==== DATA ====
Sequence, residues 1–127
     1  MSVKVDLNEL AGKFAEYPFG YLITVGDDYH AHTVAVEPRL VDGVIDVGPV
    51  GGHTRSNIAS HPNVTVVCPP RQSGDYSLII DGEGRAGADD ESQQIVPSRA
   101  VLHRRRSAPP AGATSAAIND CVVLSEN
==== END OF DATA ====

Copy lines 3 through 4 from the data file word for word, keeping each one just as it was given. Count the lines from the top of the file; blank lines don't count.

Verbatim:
    51  GGHTRSNIAS HPNVTVVCPP RQSGDYSLII DGEGRAGADD ESQQIVPSRA
   101  VLHRRRSAPP AGATSAAIND CVVLSEN